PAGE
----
Ramadan’s pluralism message for Muslims
Tariq A. Al-Maeena
Mike Ghouse is from the World Muslim Congress, a think tank committed to nurturing the pluralistic values of Islam. This group is about Muslims and their civic responsibilities; it is not about religious practices but simply about learning and creating a religious, social and civic space for Muslims in the community of faiths.
For this Ramadan, Mike would like to get the following message out: “By the end of 2020, there will not be a major city in America, and perhaps in the world, where you will not find people of different faiths, cultures, ethnicities, races, nationalities and social backgrounds working, eating, praying, playing, marrying, and doing things together. This is bound to create conflicts, and thus we need to prepare ourselves to deal with such eventualities.
“The guidance can be found in every religious tradition; all of them were committed to creating cohesive societies where no one had to live in apprehension or fear of the other.
“I am pleased to reiterate the Islamic tradition in this essay. The Holy Qur’an 49:13 says that God has created us into different tribes, communities and nations. It was indeed His choice to create each one of us to be unique with our own thumbprint, eye print, DNA, color and taste buds. Yet, the whole creation was put together in perfect balance and harmony (55:7).
“That brings us to pluralism which is defined as, ‘respecting the otherness of the others and accepting the (God-given) uniqueness of each one of us.’ ‘You are who you are, and I am who I am.’ Q109:6 (Yousef Ali). ‘To you be your way, and to me mine.’ Your faith is dear to you as mine is to me, together, we have to live and work on maintaining that harmony for our good and for the Creator’s joy. God’s religion is peace.
“Such diversity is bound to create conflict and mess up the delicate balance, so the Holy Qur’an encourages that the best among you are the ones who know each other. Indeed, knowledge leads to understanding and understanding to acceptance and appreciation of the God-given uniqueness of each one of us, and with that conflicts fade and solutions emerge.
“Pluralism is your choice to have good manners, and a good attitude toward fellow beings as guided by the Holy Qur’an, the Prophet (peace be upon him) and common sense. My focus of this essay is application of God’s recommendation ‘to know each other’ within the fold of Islam and with members of the diverse family of faiths.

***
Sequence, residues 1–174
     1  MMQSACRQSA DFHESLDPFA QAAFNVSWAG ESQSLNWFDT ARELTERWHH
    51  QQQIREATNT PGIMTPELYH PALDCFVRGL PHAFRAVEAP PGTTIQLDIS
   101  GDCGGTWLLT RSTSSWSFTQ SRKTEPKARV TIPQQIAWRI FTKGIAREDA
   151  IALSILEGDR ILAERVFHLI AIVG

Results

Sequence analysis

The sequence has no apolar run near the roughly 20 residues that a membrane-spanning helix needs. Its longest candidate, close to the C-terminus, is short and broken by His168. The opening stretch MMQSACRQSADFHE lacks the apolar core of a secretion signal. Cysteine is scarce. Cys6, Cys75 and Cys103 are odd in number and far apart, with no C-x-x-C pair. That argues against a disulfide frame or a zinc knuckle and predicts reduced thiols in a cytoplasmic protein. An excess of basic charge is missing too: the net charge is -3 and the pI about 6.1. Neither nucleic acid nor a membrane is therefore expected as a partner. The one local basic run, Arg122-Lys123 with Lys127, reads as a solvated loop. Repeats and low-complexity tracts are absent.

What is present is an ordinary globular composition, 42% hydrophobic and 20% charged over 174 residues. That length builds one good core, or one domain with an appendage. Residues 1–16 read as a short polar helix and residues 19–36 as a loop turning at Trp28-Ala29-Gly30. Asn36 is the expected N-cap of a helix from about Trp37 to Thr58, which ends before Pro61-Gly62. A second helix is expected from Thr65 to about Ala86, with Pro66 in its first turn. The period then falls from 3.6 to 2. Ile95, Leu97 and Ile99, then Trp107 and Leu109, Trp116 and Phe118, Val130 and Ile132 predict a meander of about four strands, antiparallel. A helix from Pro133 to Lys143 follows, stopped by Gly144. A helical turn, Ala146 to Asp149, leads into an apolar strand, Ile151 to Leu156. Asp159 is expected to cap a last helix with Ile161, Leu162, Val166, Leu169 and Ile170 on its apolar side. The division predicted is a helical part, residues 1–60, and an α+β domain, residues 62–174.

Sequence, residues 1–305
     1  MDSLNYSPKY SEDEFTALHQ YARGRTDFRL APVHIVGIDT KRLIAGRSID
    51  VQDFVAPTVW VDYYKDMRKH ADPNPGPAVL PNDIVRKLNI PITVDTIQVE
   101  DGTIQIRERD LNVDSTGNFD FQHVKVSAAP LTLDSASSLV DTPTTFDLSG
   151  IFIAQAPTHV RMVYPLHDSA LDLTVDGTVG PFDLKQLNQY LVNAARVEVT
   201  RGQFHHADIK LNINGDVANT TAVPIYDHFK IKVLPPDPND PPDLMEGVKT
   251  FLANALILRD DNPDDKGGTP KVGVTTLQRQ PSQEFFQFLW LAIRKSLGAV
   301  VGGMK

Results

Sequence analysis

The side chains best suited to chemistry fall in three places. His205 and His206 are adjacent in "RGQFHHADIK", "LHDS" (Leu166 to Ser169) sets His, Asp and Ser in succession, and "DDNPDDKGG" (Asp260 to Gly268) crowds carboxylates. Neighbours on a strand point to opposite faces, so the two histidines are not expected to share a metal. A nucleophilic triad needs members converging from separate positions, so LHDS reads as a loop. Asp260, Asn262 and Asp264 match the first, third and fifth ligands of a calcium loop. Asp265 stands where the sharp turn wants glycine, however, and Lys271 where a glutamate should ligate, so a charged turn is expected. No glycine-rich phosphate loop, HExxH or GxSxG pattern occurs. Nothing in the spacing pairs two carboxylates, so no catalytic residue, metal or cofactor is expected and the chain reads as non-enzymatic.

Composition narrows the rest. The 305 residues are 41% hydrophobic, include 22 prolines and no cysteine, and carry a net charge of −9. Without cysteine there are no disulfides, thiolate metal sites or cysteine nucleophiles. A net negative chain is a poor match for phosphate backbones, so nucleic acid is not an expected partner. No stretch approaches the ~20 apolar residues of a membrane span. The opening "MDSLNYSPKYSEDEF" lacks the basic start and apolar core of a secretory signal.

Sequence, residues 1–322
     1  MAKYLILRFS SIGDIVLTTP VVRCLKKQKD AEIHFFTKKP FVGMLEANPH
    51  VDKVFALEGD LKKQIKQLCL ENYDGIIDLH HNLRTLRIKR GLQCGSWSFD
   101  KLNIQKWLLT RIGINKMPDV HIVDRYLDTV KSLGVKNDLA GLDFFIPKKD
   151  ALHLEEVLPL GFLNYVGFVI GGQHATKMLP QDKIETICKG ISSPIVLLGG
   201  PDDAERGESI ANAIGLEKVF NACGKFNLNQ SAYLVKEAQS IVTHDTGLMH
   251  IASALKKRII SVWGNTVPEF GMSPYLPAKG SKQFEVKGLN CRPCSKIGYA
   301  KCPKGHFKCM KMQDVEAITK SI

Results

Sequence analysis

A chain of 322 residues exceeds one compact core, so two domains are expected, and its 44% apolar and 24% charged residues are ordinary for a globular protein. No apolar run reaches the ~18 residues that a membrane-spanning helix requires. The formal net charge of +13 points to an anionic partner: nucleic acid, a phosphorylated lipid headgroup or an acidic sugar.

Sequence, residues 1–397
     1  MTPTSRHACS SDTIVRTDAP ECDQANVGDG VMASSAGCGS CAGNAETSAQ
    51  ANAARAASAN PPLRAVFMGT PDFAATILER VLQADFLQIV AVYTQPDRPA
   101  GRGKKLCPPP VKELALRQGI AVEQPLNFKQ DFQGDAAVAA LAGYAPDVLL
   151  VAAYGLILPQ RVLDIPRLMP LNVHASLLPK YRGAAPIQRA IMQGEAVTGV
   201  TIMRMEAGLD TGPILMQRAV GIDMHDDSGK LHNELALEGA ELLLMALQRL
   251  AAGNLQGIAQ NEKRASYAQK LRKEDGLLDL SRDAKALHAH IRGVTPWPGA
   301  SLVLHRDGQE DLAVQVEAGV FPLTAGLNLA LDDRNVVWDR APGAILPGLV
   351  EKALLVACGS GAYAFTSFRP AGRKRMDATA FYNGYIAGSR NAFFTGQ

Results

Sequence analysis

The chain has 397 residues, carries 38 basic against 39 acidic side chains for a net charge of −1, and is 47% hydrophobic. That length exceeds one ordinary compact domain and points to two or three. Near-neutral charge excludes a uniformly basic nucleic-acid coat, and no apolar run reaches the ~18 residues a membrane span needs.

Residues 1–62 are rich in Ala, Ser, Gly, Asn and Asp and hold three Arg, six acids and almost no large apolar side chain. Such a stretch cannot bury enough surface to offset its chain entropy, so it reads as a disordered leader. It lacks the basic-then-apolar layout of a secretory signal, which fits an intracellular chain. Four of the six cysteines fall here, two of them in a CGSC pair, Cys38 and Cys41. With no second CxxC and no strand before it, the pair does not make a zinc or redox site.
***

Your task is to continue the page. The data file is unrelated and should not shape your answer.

“A majority of us are saddened with the day-to-day events in the Muslim world, calling each other infidels and killing each other in Iraq, Syria, Afghanistan, Nigeria, Pakistan and elsewhere. The Holy Qur’an says killing one person is like killing the whole of humanity. You are not to kill a single soul unless it is in self-defense. We talk about unity, and spew so much hate for the other in the same breath; it needs to stop as God wants peace.
“I am appealing to those Muslims who have the integrity to match their words with their actions, and pray for the integrity of others who lack it.
“During this Ramadan, please make an effort to do your Iftar (breaking fast) in every mosque of varying denominations, or at least seek God’s guidance to remove hate and bias from our hearts for each other. Invite each other, not to discuss differences but to know each other to learn to respect the otherness of others, and accept each other, so that conflicts fade and solutions emerge.
“Take some fruits and dates and just go there and let the imam or the volunteers know that you are from a different tradition and are making a sincere effort to be part of the larger community in every which way you can.
“Over the last four years, I have been to almost every mosque of every denomination in the United States. I have chronicled the uniqueness of each tradition with full respect at RamadanDaily.com.
“When you visit your friend’s house, you don’t criticize how they have arranged their furniture; in fact you may reluctantly praise it, but never put it down. You don’t dare criticize how their kids keep their rooms, eat or talk. For God’s sake go to other mosques with the same attitude, the attitude of pluralism.
“This year, we have four Fridays in Ramadan; make an effort to attend at least four major denominations on each Friday.
“Prophet Muhammad (peace be upon him) was called Amin, the trustworthy, truthful and just and the person around whom people felt secure. We need to follow similar principles within our society. We need to have comfortable working relationships with everyone from all faiths including fellow Muslims of different denominations.
“The life of Prophet Muhammad (pbuh) is a bold example of living civility, with openness and confidence. The greater value he taught was to respect the otherness of others. Let’s follow him and build friendships with people of faiths and no faiths and become Amins of society.
“Together as Muslims, let’s make the world a safe and secure place for every one of God’s seven billion to live cohesively. Let’s not blame others, but do our share of good in our own mosques, neighborhoods, communities and towns on a smaller level. This is our home. M. Ghouse”
Just think what the world would be like if we did just a little bit of that?
— The author can be reached at firstname.lastname@example.org. Follow him on Twitter @talmaeena